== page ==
Previous Science Flash contributions: 

DP ABGC Student Paper Award 2021

DP ABGC Student Paper Award 2020

The multifunctionality of mountain landscapes

Pros and cons of using a standard protocol to test germination of Alpine species

Agent-Based Modelling of a Coupled Water Demand and Supply System

Wolbachia megadiversity: 99% of these microorganismic manipulators unknown

DP ABGC Student Paper Awards 2019

Benthic Diatom Communities in an Alpine River Impacted by Waste Water Treatment Effluents as Revealed Using DNA Metabarcoding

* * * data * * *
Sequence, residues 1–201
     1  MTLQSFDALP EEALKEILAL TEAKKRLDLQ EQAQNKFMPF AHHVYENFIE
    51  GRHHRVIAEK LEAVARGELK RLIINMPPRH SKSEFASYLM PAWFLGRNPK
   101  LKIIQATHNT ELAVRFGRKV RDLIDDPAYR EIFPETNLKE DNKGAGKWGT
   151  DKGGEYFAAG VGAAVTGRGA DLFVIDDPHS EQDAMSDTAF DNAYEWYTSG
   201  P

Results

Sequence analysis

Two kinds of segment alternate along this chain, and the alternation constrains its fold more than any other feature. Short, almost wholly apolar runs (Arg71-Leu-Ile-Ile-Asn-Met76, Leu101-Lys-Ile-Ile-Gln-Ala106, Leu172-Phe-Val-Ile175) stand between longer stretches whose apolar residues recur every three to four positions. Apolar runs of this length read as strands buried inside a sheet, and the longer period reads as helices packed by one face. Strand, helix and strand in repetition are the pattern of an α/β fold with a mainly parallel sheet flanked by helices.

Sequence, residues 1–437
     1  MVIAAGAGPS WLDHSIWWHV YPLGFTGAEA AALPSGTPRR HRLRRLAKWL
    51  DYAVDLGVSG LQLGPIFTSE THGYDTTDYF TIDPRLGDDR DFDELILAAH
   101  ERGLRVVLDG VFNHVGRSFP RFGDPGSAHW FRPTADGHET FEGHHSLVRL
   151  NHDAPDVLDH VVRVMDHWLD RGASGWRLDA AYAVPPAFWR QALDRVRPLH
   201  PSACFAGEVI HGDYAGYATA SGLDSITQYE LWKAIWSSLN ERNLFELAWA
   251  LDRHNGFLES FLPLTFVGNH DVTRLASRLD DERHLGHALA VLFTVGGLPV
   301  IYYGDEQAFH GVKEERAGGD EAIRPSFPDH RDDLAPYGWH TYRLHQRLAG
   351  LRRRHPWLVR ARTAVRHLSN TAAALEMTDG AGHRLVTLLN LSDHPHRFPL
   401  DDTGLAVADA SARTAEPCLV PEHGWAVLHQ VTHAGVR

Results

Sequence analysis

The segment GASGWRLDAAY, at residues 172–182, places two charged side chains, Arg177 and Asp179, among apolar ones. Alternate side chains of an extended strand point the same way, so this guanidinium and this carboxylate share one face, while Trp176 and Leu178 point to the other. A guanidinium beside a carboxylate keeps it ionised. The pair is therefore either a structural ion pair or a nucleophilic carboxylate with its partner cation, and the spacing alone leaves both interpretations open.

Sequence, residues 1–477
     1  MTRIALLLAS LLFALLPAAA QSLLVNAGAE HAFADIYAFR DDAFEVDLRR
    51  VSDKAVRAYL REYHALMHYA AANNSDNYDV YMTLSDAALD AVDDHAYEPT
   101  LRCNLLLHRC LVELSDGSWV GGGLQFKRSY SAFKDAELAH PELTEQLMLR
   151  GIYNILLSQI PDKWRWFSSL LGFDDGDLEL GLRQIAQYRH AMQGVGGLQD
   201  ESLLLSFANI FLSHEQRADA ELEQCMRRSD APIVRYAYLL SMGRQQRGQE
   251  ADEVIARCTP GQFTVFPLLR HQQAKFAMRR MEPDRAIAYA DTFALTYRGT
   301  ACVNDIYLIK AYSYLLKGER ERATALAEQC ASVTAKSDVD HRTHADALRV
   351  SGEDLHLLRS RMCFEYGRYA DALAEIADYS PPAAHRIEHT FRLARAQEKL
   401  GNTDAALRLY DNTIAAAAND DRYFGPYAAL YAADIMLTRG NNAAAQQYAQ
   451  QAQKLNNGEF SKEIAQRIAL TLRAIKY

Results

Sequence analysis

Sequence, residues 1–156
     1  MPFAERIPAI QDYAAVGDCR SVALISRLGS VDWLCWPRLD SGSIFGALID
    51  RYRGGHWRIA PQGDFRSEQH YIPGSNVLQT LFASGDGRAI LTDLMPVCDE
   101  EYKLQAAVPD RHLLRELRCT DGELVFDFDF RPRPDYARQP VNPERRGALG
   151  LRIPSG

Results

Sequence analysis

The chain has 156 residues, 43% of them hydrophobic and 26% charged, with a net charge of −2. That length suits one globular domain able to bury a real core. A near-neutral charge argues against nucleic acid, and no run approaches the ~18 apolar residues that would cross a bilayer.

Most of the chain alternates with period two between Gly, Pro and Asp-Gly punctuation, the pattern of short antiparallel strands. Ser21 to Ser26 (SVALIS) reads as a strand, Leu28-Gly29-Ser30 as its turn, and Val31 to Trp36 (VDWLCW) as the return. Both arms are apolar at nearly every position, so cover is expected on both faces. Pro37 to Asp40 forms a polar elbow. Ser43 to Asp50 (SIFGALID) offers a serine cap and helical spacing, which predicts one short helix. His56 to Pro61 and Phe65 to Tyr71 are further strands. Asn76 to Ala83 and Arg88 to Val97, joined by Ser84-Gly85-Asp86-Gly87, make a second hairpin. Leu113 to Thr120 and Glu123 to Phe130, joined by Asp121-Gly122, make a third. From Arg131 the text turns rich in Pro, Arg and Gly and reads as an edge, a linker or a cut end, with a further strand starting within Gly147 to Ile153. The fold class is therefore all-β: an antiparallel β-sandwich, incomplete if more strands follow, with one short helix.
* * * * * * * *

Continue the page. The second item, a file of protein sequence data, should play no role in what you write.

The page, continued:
The microbiome of plants: R. glacialis and its rhizobiome along a high-alpine altitudinal gradient

Lots of ‘junk’ in the genome of a small aquatic invertebrate

A dataset for future monitoring of climate change effects in Alpine streams 

Forest fires: How surviving trees can suffer from heat injuries